Beyond Chianti -- a guide to pairing wine with pasta
Pasta is the ultimate blank food canvas; What matters is the sauce
Ray Isle (@islewine on Twitter) is Food & Wine's executive wine editor.
If you want to get a sense of the scale of Italian wine, you could do worse than to go to VinItaly, the annual wine-related trade fair in Verona, Italy. I was there a few days ago, along with, according to the VinItaly press office, more than 140,000 other people - roughly the population of Fort Collins, Colorado, if every inhabitant of Fort Collins were obsessed with Italian wine. Regardless, being in Italy means the opportunity to eat, regularly, platefuls of fantastic pasta.
Since I've got pasta on the mind - in fact, since I'm mostly composed of pasta at the moment - here are some thoughts about pairing wine (Italian wine, of course) with some classic pasta dishes. Of course, the actual pasta itself doesn't make much difference: When it comes to wine-pairing, a rigatoni is a penne is an orecchiette. Pasta alone is the ultimate blank food canvas; what matters is the sauce.
Like other light-bodied white wines, Pinot Grigio pairs well with lighter foods (for an analogy to "light-bodied" or "full-bodied" in wine, think of milk: skim milk, light-bodied; 2 percent milk, medium-bodied; whole milk, full-bodied). It's also light in terms of attitude - there's none of the aggressive citrus-pepperiness of Sauvignon Blanc here, for example.
So, for pasta to serve with Pinot Grigio, skip cream sauces, skip the rich meat sauces and concentrate on delicacy: olive oil, white wine, fresh herbs, possibly some shellfish. One classic possibility: linguine with white clam sauce.
The principal grape of Tuscany (and so Chianti, Brunello di Montalcino, Vino Nobile di Montepulciano, etc.), Sangiovese leans towards crisp acidity and bright berry fruit. Much in the way that a tart white like Sauvignon Blanc is actually an ideal partner for an acidic salad dressing,
Sangiovese's fresh acidity makes it a good match for anything involving tomatoes, from a simple marinara sauce (or the classic Tuscan tomato-and-bread soup, pappa al pomodoro) to sauces like puttanesca, amatriciana, alla norma...the list goes on and on. Generally speaking, foods with high acidity are apt to overwhelm wines that don't have a complementary level of acidity.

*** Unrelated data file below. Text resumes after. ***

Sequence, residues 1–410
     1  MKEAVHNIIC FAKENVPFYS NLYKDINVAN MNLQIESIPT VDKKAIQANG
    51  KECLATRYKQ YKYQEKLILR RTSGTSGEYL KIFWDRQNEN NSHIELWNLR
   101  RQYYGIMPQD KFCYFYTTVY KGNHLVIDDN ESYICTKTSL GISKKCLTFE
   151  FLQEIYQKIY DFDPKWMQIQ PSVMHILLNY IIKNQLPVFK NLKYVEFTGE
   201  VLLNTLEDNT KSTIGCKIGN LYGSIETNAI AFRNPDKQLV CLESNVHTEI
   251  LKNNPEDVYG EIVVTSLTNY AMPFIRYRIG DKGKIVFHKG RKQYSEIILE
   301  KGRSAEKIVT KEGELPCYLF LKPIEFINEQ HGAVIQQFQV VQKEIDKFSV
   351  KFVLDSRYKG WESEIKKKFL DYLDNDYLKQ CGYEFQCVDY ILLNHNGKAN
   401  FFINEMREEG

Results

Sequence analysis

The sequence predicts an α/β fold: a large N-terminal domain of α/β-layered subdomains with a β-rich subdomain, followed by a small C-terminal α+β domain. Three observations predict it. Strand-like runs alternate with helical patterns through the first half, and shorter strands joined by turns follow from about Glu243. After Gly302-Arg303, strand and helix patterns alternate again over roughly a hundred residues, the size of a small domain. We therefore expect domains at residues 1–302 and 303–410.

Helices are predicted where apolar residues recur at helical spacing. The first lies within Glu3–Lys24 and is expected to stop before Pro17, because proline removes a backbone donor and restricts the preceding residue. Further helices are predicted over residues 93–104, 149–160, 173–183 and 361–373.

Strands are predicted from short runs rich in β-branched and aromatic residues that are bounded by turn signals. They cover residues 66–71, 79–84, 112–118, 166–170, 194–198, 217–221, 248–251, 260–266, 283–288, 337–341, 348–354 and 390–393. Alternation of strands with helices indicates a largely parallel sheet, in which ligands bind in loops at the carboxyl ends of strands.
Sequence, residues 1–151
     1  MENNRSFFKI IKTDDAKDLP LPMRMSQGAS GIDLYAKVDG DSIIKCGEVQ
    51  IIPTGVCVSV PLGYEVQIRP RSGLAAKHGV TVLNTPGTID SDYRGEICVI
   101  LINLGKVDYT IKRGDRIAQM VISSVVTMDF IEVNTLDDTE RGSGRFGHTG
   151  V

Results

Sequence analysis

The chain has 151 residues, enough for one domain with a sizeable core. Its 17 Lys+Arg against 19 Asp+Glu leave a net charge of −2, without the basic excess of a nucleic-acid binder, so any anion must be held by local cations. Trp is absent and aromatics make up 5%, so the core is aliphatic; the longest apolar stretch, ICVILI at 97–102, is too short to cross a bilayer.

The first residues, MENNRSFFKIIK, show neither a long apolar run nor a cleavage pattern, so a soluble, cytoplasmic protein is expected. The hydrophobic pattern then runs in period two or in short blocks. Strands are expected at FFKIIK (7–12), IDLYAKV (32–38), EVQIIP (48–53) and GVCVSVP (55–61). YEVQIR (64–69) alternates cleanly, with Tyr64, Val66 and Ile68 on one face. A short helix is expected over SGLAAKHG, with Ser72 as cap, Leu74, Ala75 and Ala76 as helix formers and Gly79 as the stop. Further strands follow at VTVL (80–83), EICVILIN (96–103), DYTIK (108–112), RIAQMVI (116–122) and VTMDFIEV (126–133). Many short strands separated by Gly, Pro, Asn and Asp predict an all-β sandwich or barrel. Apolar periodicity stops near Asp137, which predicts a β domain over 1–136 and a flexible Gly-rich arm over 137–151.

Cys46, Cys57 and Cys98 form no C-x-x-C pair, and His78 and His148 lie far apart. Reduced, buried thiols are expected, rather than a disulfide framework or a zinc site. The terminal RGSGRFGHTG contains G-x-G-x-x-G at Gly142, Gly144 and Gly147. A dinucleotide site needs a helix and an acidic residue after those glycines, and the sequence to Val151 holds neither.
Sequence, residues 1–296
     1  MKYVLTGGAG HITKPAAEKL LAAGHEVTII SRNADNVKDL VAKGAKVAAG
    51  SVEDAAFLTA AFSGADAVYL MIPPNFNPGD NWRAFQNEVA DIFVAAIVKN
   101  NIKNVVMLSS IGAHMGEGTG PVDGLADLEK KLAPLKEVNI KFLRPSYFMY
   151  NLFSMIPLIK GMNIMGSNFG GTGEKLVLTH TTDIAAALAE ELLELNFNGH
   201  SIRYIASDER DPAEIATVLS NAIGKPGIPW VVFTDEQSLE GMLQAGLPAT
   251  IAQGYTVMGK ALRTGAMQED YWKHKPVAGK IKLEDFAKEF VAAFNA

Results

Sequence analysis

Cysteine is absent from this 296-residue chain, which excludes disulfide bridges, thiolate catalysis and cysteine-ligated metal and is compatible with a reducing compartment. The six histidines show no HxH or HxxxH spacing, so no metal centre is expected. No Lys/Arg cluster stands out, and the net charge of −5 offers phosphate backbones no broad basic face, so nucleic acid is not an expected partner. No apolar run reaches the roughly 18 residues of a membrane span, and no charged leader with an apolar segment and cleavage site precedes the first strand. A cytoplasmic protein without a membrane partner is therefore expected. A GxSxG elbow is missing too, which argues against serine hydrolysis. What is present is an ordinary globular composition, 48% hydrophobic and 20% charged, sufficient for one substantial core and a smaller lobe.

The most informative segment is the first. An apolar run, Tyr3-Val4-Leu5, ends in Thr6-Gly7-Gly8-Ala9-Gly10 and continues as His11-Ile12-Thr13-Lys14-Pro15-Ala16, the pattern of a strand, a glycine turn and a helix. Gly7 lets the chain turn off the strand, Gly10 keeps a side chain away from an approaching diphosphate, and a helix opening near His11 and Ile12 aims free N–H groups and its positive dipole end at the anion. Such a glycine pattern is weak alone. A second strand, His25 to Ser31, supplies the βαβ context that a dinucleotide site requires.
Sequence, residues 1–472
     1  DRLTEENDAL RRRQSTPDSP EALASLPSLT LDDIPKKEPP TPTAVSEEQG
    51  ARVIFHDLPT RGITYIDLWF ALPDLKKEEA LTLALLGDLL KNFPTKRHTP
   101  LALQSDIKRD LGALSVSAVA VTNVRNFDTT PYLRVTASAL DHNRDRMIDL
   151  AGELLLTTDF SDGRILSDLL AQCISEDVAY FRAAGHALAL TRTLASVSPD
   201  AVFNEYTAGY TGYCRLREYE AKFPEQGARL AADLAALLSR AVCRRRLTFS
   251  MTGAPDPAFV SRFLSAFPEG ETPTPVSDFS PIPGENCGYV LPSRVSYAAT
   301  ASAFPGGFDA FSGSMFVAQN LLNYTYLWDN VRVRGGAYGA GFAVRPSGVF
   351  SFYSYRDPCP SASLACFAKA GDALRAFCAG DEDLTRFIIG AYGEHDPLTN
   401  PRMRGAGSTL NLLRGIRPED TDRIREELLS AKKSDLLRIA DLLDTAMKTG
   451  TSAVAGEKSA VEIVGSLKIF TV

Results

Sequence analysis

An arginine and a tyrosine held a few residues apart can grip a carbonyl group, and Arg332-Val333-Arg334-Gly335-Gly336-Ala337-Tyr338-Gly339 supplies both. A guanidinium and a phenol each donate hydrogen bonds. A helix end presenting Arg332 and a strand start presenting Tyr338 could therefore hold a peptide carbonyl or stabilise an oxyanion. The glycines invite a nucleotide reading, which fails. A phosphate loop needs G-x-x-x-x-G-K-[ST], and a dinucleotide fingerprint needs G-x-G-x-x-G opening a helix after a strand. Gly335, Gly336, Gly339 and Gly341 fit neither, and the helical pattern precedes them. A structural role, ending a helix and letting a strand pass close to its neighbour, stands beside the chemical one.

Nebbiolo - the Piedmontese grape of Barolo and Barbaresco, as well as the red wines of Gattinara, Ghemme and Carema--tends when young to be firmly, even ferociously, tannic, with bright acidity and seductive aromas (violets, roses, truffles, cherries). In Piedmont, you might drink it with agnolotti del plin, the tiny "pinched" ravioli filled with a mix of pork, beef or veal, or rabbit served with butter and sage, that are native to the region.
And for me, Nebbiolo and truffles - or mushrooms, particularly porcini - are meant to be married. Think pasta with a wild mushroom cream sauce, enhanced with a little fresh thyme. Think pasta with butter and white truffles. Lots of white truffles. Lots and lots of white truffles. But that someone else is paying for.
To my mind, the emphatic red varieties of southern Italy, such as Primitivo, Negroamaro or the intensely tannic Aglianico, ask for equally emphatic foods. This is because wine pairing, to me, goes by feel or sensibility as much as it goes anything else.
A pasta that is hearty and earthy and meaty wants a wine that's hearty and earthy and meaty, too (possibly eaten by someone hearty, earthy and meaty, like Shrek). Sauces with sausage; with hot peppers; with sausage and hot peppers; or with pork, veal, sausage, tomatoes, hot peppers and onion, which would be the Basilicatan lu'ntruppc, and lord knows how you pronounce it, but it does sound good, doesn't it?
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